Bio-Science Law Review - Volume 19 - Issue 2
DOES A PATENT REALLY GIVE RISE TO A MONOPOLY? ARE ANTITRUST ATTITUDES AFFECTING THE COURTS' APPROACH TO GRANTING INJUNCTIONS?
Gordon D. Harris
Gowling WLG (UK) LLP, London
The assumption that a patent right amounts to a monopoly which is legally granted and enforceable has for centuries underpinned patent law in England and Wales. The author questions whether, in the light of recent cases, this monopoly right is now under threat, and is in danger of becoming little more than a right to receive royalties or damages in the context of a generic market.
UNIVERSITY INVENTIONS: WHEN IS A STUDENT A CONSUMER? OXFORD UNIVERSITY INNOVATION v NANOIMAGING LIMITED
11 South Square Chambers, London
Issues arising in this case are, it is argued, especially common in collaborative research in the life sciences sector. These include the question of whether a PhD student is a consumer or an employee, the fairness of IP provisions in PhD contracts and whether universities retain too much equity in spin outs. As demonstrated in this judgment, the particular circumstances of researchers’ employment may well determine where any benefit lies should a commercially viable invention be made.
SEVEN MORE ISSUES FOR THE UPC, ON JURISDICTION AND PROCEDURE
Taylor Wessing, London
Following his previous article on seven patent law issues the UPC will need to resolve quickly, the author now comments on seven more issues that demand urgent resolution, this time in the area of the court’s jurisdictional and procedural powers. These are also fundamental to the operation of the court.
LIFE SCIENCES: 2023 TRENDS
ADAM GOLDEN AND HARRIET HANKS ET AL.
Freshfields, London and New York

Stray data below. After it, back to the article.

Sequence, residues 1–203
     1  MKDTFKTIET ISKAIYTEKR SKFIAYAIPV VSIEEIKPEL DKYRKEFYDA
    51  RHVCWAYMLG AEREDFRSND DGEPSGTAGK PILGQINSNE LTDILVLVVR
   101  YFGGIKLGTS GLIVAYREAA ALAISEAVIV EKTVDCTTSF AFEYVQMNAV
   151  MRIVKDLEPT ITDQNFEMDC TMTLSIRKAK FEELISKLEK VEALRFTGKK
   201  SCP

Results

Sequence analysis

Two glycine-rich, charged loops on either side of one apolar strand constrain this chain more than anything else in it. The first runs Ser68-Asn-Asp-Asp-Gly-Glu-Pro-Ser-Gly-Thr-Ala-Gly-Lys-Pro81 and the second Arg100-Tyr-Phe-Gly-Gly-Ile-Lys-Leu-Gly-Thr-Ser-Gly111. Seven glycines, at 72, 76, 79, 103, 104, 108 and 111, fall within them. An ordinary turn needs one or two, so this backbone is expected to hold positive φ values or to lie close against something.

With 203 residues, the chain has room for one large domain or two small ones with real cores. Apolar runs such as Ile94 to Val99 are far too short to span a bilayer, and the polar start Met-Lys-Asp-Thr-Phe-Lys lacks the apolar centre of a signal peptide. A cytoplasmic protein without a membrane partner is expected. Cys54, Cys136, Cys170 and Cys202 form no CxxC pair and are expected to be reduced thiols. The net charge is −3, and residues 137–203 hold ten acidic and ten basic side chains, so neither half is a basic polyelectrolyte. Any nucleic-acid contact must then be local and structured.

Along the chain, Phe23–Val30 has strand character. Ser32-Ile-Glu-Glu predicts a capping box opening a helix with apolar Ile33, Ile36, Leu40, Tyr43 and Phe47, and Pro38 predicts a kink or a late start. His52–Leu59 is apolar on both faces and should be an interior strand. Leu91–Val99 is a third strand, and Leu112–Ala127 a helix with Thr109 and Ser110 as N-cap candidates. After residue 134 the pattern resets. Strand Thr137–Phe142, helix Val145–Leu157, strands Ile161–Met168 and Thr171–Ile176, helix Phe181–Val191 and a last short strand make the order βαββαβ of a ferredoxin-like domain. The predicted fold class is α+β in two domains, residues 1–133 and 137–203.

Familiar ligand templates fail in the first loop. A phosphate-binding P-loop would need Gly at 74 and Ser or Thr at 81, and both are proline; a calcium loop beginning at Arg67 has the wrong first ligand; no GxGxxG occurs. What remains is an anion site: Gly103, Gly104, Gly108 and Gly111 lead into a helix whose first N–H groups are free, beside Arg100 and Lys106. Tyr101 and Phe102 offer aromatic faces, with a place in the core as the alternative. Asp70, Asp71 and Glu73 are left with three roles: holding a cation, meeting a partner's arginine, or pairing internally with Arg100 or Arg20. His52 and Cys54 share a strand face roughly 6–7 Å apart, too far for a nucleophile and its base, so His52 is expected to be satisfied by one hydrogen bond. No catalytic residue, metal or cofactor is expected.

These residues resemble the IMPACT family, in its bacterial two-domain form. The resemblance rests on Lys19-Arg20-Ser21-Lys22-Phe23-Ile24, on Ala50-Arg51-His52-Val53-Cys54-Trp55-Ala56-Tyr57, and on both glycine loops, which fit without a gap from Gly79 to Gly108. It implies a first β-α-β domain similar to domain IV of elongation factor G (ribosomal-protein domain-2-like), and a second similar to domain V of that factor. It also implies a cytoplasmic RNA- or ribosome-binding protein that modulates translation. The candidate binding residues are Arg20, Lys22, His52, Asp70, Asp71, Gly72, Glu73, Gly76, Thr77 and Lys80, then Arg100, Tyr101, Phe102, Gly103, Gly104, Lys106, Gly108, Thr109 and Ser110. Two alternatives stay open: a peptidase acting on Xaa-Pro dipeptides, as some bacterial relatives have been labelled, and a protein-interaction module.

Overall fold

In their survey of current trends in the life sciences, the authors consider developments in the EU and the US. These relate, among others, to transactional activity, MedTech regulatory issues and antitrust enforcement. International tax reforms also come under scrutiny along with major regulatory changes in the EU.
GENUS-SPECIES CASES UNDER INDIAN PATENT LAW: A STORY OF FORKS AND SEMANTICS
Law Chambers of Adarsh Ramanujan, New Delhi
This article traces the evolution of the law concerning genus-species patents in India over the last five years, an issue which has given rise to two seemingly irreconcilable lines of jurisprudence, each applicable to cases involving a specific set of facts. Surprisingly, the demarcation between the two lines has little to do with substantive patent law. It is grounded in a well-known principle of equity, quod approbo non reprobo. The article aims to make pragmatic sense of the spaghetti-like situation that has arisen from a practitioner’s perspective.
THE TECFIDERA REGULATORY PROTECTION DEBATE COMES TO AN END: SUMMARY AND IMPLICATIONS OF THE CJEU POLPHARMA JUDGMENT
NATALIE COAN AND STEFAN VAN KOLFSCHOOTEN
Pinsent Mason, London
This case concerned the issue of whether a product fell within an existing global marketing authorisation and in the unusual circumstances where another competent authority of an EU Member State had already taken a decision. In its judgment the CJEU overturned the earlier decision of the EU General Court, thereby seemingly restoring the regulatory exclusivity in Tecfidera.